In addition to negative habit patterns, a great deal of our thinking time is spent on the future or the past. We are either planning, hoping, and fantasizing about the future or remembering the past with regret, remorse, or negative evaluations — or else we are dwelling on or wanting to repeat some event from the past. When we are focusing on the future or the past, we are not fully in the present.
Mindfulness practice is a way to re-condition ourselves — to train our brain — to reduce or eliminate automatic negative thoughts, to limit the amount of mental time we spend in the future or the past, and it leads to the benefits described above. But how do we go about learning to be mindful and to develop a mindfulness practice?
When we begin to practice mindfulness, we can say simple sentences to ourselves without any judgment or evaluation. The effort is to be aware of your breathing and your sensory input from moment to moment without including a negative cognitive habit along with it. Now I’m brushing my teeth. The toothpaste tastes sharp and minty on my tongue. Now I feel the warm water as I wash my face. I feel the texture of the material as I put on my shirt. I taste the cereal and feel the cold temperature of the milk. The banana is sweet today. As I walk I hear the wind in the trees. The Fall leaves are flying in the wind. As we develop our ability to focus on the present, we can begin to quiet our mind and use less verbiage. For example we can simply say to ourselves, “warmth”, “cold”, “sweet”, “wind”, “leaves”. Or we can simply refer to our senses: “seeing”, “hearing”, smelling”, “tasting”, “sensing” (with a physical sensation) or “feeling” (with an emotion). As we develop skill at being in the present moment, we can experience and unite ourselves with our environment almost without words. Just being and experiencing the present moment now.
Practicing mindfulness does not mean that we don’t make evaluations, judgments or discriminations when they are needed. It means we don’t focus on analysis or negativity when we don’t need to or when it causes unnecessary distress. Practicing mindfulness doesn’t mean you deny negative emotions. When you are having a negative experience, describe the experience just as it is. Make decisions to take action, and to deal with the negative event as is appropriate. With negative emotions: “Now I feel my anger rising up.” “Today I feel less motivated.” “I’m feeling some anxiety.” You simply experience the emotion without any judgment or criticism and with acceptance. Some emotions are positive. Some emotions are negative. It is not the goal to have only positive emotions. The goal is to be accepting of our emotions as they are, positive and negative, and to manage them and make choices about them as needed. In the Sutra on The Four Establishments of Mindfulness, Sidharta Gautama, The Buddha said, (loose translation) “When you are having a pleasant feeling, say to yourself, ‘I am having a pleasant feeling.‘ When you are having a painful feeling, say to yourself, ‘I am having a painful feeling.‘ When you are having neither a pleasant nor a painful feeling, say to yourself, ‘I am having neither a pleasant nor a painful feeling.’” This is a very simple and amazing instruction! (See Article, Pleasant and Painful Feelings.)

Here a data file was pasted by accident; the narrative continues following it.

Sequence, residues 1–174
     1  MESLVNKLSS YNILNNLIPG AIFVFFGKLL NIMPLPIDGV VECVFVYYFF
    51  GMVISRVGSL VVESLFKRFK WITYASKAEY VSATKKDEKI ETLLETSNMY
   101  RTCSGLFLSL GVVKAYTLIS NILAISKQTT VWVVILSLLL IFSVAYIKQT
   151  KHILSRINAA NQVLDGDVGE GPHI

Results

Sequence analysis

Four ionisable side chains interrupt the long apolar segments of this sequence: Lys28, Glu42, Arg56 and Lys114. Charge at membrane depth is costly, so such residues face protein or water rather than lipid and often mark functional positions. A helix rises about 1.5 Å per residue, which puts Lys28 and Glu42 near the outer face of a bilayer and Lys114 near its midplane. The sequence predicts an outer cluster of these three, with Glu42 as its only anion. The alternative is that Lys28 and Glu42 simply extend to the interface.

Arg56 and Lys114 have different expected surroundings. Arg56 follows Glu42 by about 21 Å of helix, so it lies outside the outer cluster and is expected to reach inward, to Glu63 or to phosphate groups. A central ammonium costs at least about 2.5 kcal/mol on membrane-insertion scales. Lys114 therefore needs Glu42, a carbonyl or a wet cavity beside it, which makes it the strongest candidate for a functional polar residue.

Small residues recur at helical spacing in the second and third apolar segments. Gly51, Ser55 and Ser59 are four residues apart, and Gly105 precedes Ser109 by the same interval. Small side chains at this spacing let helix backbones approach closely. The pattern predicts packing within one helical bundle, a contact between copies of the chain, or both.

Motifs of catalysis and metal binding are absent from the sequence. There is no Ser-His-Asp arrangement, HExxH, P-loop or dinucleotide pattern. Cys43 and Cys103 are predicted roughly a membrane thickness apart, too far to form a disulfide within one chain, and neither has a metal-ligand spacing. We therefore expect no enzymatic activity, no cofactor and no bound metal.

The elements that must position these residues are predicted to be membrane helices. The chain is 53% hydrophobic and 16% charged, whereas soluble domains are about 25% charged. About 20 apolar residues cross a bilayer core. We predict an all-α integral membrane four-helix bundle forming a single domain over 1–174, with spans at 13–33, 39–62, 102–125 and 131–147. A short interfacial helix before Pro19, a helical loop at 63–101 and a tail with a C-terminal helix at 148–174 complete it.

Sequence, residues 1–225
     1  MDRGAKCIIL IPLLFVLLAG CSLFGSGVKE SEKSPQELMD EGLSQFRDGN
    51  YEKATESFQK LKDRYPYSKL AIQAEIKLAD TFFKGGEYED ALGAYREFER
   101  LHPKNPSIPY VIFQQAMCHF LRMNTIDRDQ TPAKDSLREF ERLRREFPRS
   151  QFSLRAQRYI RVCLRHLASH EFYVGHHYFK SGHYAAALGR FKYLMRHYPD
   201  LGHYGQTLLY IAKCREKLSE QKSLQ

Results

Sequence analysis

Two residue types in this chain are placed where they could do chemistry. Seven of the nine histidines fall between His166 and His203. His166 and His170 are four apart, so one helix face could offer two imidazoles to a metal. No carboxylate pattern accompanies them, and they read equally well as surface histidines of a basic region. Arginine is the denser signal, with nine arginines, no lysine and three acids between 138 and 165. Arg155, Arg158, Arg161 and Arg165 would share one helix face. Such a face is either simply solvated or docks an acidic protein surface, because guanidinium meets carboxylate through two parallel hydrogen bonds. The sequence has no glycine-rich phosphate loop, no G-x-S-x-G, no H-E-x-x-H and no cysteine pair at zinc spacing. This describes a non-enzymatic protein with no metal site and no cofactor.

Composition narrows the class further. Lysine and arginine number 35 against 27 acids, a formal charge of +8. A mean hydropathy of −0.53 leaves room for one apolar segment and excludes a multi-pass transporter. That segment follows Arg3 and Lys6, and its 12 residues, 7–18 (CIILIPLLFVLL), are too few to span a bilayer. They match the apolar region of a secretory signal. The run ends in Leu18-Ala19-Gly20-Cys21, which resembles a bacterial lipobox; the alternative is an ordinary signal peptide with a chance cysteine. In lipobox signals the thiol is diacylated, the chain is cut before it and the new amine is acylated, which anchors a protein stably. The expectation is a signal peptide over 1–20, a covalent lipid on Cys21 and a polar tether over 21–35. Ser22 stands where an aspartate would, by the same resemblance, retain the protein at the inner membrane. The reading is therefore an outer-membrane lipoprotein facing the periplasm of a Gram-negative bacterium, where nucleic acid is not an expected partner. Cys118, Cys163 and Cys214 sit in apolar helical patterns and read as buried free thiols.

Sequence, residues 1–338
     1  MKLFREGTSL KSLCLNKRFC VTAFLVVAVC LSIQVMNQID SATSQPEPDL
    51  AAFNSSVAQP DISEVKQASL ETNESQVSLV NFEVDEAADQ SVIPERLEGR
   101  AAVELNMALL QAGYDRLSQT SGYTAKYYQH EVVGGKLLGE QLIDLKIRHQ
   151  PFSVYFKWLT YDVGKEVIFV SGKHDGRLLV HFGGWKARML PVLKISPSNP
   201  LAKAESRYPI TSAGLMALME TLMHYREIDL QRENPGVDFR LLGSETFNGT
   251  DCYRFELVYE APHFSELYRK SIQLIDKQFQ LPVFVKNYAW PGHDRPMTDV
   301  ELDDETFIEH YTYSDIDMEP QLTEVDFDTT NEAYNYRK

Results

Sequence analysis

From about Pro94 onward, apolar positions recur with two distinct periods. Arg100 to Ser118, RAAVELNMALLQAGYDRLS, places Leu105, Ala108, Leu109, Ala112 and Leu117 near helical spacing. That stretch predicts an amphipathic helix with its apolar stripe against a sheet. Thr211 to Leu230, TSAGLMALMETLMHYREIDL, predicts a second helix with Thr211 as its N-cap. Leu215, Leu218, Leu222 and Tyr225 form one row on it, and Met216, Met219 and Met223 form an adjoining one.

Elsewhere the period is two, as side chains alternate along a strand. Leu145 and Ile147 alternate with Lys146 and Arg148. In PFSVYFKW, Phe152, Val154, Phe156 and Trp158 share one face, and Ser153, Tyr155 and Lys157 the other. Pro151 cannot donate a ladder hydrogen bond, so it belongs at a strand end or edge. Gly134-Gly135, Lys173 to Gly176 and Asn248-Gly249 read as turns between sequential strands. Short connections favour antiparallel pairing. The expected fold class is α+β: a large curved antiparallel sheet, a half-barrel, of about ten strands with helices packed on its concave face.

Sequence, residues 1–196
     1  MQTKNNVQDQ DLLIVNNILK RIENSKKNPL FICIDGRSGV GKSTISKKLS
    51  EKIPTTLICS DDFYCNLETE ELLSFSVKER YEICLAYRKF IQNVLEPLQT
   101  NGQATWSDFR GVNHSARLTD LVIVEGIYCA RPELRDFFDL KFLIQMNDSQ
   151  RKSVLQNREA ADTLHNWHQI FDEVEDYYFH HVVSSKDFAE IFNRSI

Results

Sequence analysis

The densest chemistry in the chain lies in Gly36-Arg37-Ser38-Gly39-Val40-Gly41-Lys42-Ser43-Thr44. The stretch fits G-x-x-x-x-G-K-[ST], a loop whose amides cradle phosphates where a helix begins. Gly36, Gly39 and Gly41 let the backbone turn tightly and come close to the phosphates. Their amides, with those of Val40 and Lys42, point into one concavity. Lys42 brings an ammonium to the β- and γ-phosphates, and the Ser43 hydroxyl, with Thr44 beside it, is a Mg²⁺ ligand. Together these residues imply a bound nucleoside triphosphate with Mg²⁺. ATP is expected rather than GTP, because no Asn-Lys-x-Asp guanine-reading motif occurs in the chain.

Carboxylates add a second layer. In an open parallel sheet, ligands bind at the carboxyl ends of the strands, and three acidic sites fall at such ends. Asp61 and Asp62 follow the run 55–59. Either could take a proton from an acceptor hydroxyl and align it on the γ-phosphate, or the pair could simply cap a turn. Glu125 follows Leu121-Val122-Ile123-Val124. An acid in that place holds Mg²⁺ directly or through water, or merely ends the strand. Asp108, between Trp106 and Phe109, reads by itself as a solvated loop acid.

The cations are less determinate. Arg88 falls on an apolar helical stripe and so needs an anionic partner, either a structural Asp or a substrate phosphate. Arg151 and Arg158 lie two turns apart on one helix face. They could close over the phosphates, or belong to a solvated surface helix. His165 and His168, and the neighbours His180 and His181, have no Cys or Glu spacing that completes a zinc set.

With mindfulness, the goal is to breathe slower, to breathe deeply, to move and communicate more deliberately with awareness, and to stay focused on the present without the cognitive distortions described above. Focus your attention on your five senses — seeing, hearing, tasting, smelling, sensing, as well as feeling and naming your emotions. Remember to be aware of each sensory input fully and to label it only as its pure experience. Let go of evaluation, discrimination, judgment, opinion, preference and distraction. Experience the sunset just as it is; your day just as it is.
With mindfulness we want to let go of negativity, distractions, and discrimination and to focus our attention on our sensory input and our breath. In the Anapananusmriti Sutta, the Sutra on the Full Awareness of Breathing, Section Two, Buddha, instructed: “Breathing in a long breath, he knows, ‘ I am breathing in a long breath’. Breathing out a long breath, he knows, ‘I am breathing out a long breath’. Breathing in a short breath, he knows, ‘I am breathing in a short breath’. Breathing out a short breath, he knows, ‘I am breathing out a short breath’”. And Thich Nhat Hanh writes in “Peace is Every Breath”, “Breathing in I feel my breath coming in…., breathing out I feel my breath going out….” According to their simple teachings, our focus can be on our breath, body, and feelings in each present moment.
Again, these are the most simple of instructions which, with intent and effort, we can easily implement. We are born with our first breath; we will die with our last breath. Our breath is always with us. Our breath is our anchor, our foundation, and our home. With this simple practice of letting go of our concerns and coming home to our breath, we will feel less stress and anxiety and develop a deep sense of inner peace.
As Yasatani Roshi, a Buddhist Master, often said, “Every day is a good day.” Robert Aitken, Roshi quotes Yun-men’s Verse,
Spring comes with flowers, autumn with the moon,
Summer with breeze, winter with snow.
When idle concerns don’t hang in your mind,
That is your best season.